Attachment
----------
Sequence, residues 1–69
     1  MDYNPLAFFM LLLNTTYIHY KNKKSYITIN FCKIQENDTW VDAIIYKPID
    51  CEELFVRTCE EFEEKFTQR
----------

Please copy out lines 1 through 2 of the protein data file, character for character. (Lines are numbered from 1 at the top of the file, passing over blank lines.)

Sequence, residues 1–69
     1  MDYNPLAFFM LLLNTTYIHY KNKKSYITIN FCKIQENDTW VDAIIYKPID